Yes, Restrictions on Opioids Are a Threat to Human Rights

Yes, Restrictions on Opioids Are a Threat to Human Rights by Lynn R. Webster @LynnRWebsterMD

Checking the Accuracy of a Story

In a recent Washington Post story, “Are restrictions on opioids a threat to human rights?,” Charles Lane states that the wave of prescription opioid overdoses has crested thanks to public policy changes including the 2016 CDC Guideline for Prescribing Opioids for Chronic Pain.

Actually, opioid prescribing and overdoses essentially peaked four years before the CDC guidelines were introduced. According to a recent report from the CDC, the rate of opioids prescribed is lower than at any time in the past 10 years. The peak occurred in 2010.

The CDC Guidelines’ Unintended Negative Consequences

From another perspective, the CDC guidelines have had unintended negative consequences. In fact, on the one-year anniversary of the publication of the CDC’s guidelines, Pain News Network published a survey suggesting changes in policy have harmed patients by reducing their access to compassionate care. Tragically, it has been reported that some of them have committed suicide as a result.

Lane quotes Keith Humphreys, Jonathan P. Caulkins, and Vanda Felbab-Brown who wrote, in the May/June issue of Foreign Affairs, “…legal drugs pushed by corporations can bring death on a scale vastly surpassing the effects of illegal ones.”

While Lane doesn’t argue with that statement, it is untrue. According to the American Journal of Managed Care, synthetic opioids have overtaken prescription opioids as the major cause of overdoses. The musician Prince is one of those who died from illegally manufactured and distributed fentanyl, but his death is classified as an unintentional opioid overdose. His death may have been unintentional, but it wasn’t from a prescription opioid.

Diverted Opioids Play a Role in Overdoses

Approximately 16,000 overdoses were blamed on prescription opioids in 2016. However, we don’t know how many of the decedents were people who were prescribed opioids or who used diverted opioids. Since two-thirds of abused prescription opioids are diverted, it is reasonable to assume that most of the people harmed from prescription opioids were not prescribed the drugs.

The heartbreaking death of Eric Chase Bolling, son of former Fox News host Eric Bolling, is an example. According to Bolling, his son “bought Xanax from someone. It was a street Xanax. Turns out it was laced with Fentanyl.” This undoubtedly was an unintentional overdose.

But What About the Intentional Overdoses?

President of the American Psychiatric Association, Dr. Maria Oquendo, and the Director of the National Institute of Drug Abuse, Dr. Nora Volkow, reported in the April 28th 2018 issue of the NEJM that as many as 30% of the overdose deaths reported as unintentional may be due to suicide. This may be, in part, because of pain patients’ lack of access to compassionate care.

Earlier this year, a research team in which I participated and which was led by Ian R. H. Rockett reported in PLOS ǀ One that suicides counted as drug intoxication deaths in the U.S. are “likely profoundly under-reported.” It is extremely important that we understand the reasons for the deaths if we are to implement appropriate interventions to mitigate the potential harm from drugs.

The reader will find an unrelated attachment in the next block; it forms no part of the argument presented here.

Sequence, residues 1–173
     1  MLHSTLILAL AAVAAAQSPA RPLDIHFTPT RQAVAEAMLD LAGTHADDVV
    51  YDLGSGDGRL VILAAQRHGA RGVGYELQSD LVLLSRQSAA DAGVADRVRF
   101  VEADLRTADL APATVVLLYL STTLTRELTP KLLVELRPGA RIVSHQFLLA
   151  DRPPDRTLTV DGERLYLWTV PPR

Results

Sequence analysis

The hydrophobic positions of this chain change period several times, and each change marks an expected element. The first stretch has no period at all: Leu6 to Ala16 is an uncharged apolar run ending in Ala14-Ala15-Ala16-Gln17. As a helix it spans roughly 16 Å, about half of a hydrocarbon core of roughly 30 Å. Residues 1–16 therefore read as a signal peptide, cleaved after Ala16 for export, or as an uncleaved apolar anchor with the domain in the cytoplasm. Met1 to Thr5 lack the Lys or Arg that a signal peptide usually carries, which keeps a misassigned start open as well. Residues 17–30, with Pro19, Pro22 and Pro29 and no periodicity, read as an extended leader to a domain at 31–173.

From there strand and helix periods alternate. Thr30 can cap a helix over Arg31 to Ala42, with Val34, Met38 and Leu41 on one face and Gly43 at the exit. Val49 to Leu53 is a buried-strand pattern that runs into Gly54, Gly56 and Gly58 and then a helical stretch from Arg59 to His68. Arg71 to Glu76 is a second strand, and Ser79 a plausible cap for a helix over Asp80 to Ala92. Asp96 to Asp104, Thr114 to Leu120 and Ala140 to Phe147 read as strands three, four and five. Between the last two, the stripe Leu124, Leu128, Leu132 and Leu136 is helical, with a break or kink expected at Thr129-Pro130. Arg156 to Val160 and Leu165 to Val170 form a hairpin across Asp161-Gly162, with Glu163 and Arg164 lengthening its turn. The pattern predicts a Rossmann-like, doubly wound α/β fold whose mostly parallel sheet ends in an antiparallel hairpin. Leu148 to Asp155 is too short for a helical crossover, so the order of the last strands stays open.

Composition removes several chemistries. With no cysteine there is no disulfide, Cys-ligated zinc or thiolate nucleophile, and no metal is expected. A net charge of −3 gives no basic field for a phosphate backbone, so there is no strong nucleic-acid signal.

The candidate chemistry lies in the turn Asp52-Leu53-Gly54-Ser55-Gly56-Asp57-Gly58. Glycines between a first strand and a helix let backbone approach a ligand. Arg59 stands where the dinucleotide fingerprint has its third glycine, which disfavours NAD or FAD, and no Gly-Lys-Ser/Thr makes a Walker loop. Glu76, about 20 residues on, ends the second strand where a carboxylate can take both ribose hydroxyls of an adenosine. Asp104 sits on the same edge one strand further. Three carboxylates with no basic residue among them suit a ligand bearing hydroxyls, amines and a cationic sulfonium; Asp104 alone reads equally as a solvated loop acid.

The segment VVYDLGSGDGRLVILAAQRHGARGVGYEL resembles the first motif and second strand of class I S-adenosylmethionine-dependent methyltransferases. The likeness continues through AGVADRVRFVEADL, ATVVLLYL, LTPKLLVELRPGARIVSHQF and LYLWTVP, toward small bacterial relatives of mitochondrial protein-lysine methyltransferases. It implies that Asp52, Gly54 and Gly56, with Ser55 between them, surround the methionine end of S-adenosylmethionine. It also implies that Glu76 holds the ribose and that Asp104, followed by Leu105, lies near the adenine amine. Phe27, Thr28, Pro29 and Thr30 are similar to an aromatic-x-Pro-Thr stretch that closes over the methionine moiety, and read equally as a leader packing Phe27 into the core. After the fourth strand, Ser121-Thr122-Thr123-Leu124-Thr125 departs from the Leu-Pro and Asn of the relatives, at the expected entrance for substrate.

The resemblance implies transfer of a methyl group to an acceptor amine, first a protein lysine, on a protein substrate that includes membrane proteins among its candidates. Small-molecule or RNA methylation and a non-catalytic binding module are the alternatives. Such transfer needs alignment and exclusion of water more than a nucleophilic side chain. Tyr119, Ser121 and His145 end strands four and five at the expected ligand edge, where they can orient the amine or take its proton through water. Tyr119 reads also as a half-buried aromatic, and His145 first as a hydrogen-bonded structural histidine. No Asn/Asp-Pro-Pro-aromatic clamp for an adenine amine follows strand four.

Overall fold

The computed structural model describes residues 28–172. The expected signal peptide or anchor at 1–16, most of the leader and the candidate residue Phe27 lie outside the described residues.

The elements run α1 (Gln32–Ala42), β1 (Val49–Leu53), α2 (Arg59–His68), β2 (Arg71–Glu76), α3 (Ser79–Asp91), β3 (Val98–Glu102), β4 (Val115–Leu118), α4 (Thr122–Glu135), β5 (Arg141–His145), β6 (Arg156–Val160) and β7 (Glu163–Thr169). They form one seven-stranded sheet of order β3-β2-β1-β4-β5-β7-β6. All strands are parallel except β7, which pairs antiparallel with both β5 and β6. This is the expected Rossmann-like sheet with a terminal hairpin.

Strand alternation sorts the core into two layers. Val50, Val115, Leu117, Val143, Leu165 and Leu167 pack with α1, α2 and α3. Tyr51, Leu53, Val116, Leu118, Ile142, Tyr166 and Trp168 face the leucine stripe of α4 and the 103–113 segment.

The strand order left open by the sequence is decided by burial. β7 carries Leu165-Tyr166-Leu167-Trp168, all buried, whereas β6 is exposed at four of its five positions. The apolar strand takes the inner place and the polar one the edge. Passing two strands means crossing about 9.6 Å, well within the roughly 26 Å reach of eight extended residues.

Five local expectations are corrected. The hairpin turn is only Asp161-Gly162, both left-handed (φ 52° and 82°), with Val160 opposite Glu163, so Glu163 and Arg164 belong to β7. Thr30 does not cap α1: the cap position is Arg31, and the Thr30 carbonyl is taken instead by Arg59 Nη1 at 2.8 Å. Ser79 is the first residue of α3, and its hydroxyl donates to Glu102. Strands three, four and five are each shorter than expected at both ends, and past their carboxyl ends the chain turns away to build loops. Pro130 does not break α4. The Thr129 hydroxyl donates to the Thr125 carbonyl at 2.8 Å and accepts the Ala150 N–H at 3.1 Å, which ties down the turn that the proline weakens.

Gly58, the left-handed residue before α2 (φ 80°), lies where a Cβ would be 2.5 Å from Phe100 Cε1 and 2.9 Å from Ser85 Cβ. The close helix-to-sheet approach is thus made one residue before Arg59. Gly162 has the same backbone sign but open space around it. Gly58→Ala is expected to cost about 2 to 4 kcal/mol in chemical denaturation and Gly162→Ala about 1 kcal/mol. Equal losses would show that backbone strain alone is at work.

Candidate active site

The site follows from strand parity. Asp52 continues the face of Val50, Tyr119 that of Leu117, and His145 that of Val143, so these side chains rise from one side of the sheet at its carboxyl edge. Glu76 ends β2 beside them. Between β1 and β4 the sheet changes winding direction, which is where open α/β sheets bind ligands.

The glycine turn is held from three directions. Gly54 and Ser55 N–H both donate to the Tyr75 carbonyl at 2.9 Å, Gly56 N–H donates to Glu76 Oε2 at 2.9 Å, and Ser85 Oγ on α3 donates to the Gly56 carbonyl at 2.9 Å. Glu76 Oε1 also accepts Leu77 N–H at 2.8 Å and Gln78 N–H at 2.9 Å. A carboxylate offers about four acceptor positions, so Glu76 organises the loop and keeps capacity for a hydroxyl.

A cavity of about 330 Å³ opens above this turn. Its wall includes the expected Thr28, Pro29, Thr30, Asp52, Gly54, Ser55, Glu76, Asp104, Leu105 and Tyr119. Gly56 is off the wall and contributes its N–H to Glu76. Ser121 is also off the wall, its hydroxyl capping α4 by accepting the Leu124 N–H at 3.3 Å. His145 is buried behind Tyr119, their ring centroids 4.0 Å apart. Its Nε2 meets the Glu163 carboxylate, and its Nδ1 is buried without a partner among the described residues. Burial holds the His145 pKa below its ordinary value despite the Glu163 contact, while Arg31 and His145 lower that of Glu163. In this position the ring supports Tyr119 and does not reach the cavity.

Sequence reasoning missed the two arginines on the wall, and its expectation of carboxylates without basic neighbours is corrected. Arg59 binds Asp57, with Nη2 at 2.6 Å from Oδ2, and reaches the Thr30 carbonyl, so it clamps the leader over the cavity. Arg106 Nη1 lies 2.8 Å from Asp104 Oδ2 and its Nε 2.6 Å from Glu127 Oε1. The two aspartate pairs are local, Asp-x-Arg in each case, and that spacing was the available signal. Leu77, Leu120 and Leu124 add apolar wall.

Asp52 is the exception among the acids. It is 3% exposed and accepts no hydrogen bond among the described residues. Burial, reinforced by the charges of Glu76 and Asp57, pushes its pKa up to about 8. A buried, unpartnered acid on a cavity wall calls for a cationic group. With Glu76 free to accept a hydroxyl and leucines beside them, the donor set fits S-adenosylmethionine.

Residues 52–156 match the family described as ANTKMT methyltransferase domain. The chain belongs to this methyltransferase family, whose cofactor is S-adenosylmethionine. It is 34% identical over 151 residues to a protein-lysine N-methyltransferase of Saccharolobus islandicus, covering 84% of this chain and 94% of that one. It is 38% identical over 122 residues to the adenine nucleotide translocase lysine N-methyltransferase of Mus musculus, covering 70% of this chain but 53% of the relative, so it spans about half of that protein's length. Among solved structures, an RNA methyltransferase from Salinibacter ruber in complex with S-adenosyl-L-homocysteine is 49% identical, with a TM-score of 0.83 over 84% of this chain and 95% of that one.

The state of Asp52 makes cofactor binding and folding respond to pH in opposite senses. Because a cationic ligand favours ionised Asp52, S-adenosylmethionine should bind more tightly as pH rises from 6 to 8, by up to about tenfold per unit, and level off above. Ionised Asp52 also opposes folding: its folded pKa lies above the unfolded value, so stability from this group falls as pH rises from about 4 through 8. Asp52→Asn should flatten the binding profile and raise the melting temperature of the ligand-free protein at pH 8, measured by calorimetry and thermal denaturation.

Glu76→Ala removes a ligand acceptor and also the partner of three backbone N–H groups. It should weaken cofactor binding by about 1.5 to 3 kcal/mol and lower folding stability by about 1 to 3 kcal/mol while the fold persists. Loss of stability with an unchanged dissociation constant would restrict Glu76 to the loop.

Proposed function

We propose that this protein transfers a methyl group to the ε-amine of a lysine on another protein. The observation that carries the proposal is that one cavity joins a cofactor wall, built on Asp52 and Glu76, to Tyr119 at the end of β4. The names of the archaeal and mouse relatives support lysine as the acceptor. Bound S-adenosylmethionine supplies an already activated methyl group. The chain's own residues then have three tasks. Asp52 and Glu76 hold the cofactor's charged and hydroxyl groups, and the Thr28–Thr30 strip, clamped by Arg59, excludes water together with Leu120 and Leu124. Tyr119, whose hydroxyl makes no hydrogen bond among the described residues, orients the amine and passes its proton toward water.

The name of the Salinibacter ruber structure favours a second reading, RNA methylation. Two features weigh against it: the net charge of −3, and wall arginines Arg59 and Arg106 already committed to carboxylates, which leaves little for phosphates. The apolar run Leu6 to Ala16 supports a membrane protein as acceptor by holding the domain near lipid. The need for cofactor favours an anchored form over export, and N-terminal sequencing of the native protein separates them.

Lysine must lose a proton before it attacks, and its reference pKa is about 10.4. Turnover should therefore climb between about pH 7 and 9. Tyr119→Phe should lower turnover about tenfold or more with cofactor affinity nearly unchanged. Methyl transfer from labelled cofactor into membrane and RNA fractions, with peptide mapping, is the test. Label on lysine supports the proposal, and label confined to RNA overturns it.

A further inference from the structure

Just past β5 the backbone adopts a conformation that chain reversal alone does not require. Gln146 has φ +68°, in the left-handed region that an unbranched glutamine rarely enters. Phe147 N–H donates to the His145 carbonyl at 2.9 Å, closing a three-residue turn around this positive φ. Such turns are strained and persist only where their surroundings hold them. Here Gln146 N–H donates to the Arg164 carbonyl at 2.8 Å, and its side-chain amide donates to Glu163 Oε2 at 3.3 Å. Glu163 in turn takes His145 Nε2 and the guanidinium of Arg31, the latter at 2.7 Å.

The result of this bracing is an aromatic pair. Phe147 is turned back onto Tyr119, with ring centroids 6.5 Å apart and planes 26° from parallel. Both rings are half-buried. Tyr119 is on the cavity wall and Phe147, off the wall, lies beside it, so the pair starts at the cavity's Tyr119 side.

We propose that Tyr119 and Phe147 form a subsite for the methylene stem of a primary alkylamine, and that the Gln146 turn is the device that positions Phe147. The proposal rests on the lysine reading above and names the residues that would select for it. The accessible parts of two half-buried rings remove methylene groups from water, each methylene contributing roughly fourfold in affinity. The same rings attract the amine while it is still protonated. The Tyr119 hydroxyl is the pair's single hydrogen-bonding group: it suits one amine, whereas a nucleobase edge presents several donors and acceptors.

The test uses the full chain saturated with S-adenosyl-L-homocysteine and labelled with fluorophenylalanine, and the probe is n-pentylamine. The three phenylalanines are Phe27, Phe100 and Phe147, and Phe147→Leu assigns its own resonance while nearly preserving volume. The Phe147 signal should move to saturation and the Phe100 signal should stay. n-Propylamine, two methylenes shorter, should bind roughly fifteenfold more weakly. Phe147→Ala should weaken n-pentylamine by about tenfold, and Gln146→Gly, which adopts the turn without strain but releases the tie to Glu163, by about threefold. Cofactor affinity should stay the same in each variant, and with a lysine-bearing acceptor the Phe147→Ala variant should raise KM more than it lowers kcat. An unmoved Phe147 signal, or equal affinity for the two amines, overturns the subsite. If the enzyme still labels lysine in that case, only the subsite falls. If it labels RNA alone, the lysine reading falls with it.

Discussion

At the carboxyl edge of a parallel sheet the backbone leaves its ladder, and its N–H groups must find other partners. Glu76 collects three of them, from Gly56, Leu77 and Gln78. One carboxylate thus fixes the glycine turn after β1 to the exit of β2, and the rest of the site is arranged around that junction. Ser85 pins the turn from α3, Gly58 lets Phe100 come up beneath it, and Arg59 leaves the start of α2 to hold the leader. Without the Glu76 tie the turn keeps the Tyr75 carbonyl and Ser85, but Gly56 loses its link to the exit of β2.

Opioids have been overprescribed, but pain continues to be undertreated. The Human Rights Watch (HRW) correctly asserts that depriving chronic pain patients of appropriate healthcare treatment might be a human rights violation. As a pain and addiction specialist and researcher, I would welcome a plan that could reduce the overprescribing of opioids without endangering people in pain.

But the tsunami of patients being abandoned by their doctors, largely due to the CDC guidelines, demonstrates it is a human rights issue. This seems inarguable to me, and I’m disappointed in the fact that the Washington Post disagrees.


  1. Louise on May 18, 2018 at 1:57 pm

    I fall into this category. Worked with my primary for years to make life bearable. Now he is taking me off everything. It’s worse having finally had the will to live and now it’s all cut off. I also have a Mitochondrial disorder which makes the withdrawal process dangerous since I can’t produce enough energy and am essentially on bed rest. I’m thinking os legal action. This is outrageous

  2. Kelly Devine on May 22, 2018 at 6:27 am

    I attempted Suicide sir to unmanaged pain I’ve been saying for a few yrs the OD numbers don’t show who took opioids to intentially die. I’ve also said the OD do not reflect the deaths from illicit Fentanyl or stolen/ bought/ free from friend or family opioids. Meaning, legit CPP are being punished when they followed the rules. I can’t change laws or rules on opioids but I can share a solution I found, Kratom, skullcap, kava, to name a few herbs I take for CP and my pain is manageable. That being said I am looking at 3 possible surgeries I just had a Surgical procedure last week and was not given anything for Pain. I passed out from the poison, broke into a cold sweat and nearly vomited due to the intensity. This tramautic experience could have been avoided if the Dr have just 2/3 pain pills to get through the procedure and rest of the day. Wasn’t ever an option so I’m really scared hour my pain is going to be managed when I have actual surgeries.

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